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7 December 2017
Neolithic women's arm bones stronger than today's elite female rowers

The study of ancient bones suggests agricultural work had a profound effect on the bodies of women living in central Europe between the early Neolithic and late Iron Age, from about 5,300 BCE to 100 CE.
     University of Cambridge study co-author Dr Alison Macintosh, says: "We think a lot of what we are seeing is the bone's response to women grinding grain, which is pretty much seated but using your arms really repetitively many hours a day."
     By medieval times, the strength of women's arm bones was on a par with that of the average woman today.
     The research builds on previous work on male leg bones by the same team, which revealed a decline in strength since the late Iron Age.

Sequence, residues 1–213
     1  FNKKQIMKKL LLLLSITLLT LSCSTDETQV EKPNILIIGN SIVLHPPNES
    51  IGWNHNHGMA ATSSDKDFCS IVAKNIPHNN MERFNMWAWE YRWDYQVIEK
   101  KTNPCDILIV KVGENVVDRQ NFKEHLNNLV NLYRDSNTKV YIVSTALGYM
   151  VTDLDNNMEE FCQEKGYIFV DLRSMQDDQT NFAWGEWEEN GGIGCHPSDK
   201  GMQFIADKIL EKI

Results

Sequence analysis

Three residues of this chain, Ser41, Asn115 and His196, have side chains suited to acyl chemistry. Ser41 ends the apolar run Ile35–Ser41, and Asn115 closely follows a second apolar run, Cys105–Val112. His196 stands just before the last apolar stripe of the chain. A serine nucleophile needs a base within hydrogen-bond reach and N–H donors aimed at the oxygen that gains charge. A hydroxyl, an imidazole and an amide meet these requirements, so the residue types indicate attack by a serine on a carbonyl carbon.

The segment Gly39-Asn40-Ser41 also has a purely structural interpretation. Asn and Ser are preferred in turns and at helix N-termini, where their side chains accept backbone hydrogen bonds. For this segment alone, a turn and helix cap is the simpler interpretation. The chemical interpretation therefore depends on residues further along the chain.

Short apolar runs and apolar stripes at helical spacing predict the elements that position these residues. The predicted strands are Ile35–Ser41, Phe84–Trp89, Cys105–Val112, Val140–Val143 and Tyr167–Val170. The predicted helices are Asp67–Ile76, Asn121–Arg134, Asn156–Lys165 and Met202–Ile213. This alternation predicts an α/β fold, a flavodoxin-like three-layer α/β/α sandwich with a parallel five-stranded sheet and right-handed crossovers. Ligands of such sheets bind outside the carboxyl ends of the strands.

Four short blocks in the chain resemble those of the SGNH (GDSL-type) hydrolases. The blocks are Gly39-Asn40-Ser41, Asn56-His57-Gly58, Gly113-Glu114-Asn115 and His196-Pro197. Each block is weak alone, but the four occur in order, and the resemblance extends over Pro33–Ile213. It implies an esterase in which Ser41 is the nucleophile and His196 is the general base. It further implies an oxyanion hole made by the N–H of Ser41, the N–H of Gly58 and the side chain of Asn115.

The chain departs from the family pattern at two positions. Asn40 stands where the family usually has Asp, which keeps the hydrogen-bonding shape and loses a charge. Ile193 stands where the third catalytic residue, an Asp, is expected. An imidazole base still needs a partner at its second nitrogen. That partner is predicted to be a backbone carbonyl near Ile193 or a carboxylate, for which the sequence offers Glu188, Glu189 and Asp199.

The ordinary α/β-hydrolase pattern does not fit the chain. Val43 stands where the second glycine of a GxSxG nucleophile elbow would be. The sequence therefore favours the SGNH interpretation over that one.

Dr Macintosh reveals: "Early farming men had these really strong leg bones - when you compared them to living men they were close to what you see in living runners, suggesting they were really active."
     The team examined the remains of 94 women spanning about 6,000 years from around 5,300 BCE through to the 9th century, from countries including Germany, Austria, and northern Serbia, as well as scans from bones of 83 living women runners, rowers, footballers, and others not particularly athletic.
     The results demonstrate that while the arm bones of women from the Neolithic to the late Iron Age showed variations in strength, they were consistently stronger than those of rowers, football players, and non-athletic women for their left arm, and the latter two groups for their right.
     While grinding grain was likely a key factor in boosting ancient women's bone strength, pottery making, planting and harvesting crops, tending livestock and other strenuous occupations could also have contributed.
     "Women have been doing rigorous labour over thousands of years that's really been underestimated so far because we haven't been comparing them to living women," Dr Macintosh concludes.

Edited from The Guardian (29 November 2017)

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